Magic fuels survival. The inexplicable offers relief from emotional distress and pain in the aftermath of abuse, violence, or disaster. But when and why do people turn to magic? Amanda Leduc writes about this phenomenon in Disfigured: On Fairy Tales, Disability, and Making Space: “In fairy tales, the transformation of the individual relies on fairies and magic—or the gods—because it is understood society itself can’t (and indeed won’t) improve.” These stories were born out of a time when people felt powerless. Leduc’s criticism asks us to confront how magic once operated in previous traditions and what that means with our relationship to magic now. How can contemporary writers counteract those narratives with stories imbued in magic? In this special folio, eight writers push back against the traditional ways of viewing magic in fairy tales to usher in fresh perspectives.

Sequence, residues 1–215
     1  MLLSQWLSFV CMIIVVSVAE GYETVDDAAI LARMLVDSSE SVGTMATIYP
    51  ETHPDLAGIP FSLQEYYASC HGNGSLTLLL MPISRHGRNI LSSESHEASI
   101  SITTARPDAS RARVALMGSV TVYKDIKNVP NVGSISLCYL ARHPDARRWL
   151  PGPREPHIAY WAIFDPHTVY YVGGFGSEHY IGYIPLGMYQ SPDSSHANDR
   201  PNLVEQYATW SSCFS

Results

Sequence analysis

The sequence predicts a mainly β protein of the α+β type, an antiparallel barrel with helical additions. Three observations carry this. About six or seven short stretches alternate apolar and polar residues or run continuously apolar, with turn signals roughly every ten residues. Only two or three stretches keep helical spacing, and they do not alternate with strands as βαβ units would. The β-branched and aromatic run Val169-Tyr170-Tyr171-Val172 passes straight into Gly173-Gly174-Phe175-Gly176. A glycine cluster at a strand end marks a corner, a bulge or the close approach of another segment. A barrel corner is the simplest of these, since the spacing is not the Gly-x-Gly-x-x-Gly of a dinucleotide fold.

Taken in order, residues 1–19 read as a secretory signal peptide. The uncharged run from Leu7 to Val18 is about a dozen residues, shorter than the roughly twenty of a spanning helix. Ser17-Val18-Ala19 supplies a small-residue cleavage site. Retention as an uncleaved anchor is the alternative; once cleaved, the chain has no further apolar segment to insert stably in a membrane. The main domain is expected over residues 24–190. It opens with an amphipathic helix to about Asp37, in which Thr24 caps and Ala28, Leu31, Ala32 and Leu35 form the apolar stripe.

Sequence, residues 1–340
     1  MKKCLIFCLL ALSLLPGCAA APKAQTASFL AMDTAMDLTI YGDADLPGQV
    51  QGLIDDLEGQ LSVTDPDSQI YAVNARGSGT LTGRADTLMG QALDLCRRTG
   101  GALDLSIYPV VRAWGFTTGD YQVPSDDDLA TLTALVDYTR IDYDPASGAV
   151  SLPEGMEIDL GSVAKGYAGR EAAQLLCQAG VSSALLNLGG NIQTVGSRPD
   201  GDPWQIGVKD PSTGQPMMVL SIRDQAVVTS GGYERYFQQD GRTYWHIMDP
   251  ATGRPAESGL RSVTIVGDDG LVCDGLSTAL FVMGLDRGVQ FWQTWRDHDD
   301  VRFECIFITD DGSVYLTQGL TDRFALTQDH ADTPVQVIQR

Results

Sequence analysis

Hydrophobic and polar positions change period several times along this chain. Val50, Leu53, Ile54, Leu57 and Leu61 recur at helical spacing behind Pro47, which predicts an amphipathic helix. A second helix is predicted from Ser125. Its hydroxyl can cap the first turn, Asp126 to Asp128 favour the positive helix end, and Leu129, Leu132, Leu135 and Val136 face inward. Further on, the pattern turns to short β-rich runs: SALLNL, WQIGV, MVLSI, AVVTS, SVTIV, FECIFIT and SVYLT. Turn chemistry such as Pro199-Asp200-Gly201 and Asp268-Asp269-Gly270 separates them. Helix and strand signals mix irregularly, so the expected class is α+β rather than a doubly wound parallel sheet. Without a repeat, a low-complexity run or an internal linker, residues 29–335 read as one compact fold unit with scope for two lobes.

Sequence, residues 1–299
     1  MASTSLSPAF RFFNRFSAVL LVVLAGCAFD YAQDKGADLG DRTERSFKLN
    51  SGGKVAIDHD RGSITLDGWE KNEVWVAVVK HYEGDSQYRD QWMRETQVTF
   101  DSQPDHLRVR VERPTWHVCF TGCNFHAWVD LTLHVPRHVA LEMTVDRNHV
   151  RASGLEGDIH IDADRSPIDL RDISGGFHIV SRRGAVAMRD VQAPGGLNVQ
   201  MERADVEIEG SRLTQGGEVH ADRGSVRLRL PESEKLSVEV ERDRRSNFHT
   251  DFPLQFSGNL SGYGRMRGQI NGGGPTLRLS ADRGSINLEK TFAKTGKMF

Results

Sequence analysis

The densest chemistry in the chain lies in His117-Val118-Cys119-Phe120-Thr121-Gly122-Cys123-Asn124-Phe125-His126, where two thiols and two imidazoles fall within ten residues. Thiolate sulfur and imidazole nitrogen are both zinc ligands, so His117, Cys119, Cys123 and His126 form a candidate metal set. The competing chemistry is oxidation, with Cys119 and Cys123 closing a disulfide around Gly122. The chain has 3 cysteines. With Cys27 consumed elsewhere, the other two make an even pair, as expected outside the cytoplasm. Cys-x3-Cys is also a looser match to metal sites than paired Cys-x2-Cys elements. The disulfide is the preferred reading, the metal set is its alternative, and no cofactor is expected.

You’ll find all pieces of the folio interpret magic in radically different ways. Some works are grounded in reality. They are familiar, subtle. Others exist in worlds that operate unlike our own. They are otherworldly, ethereal.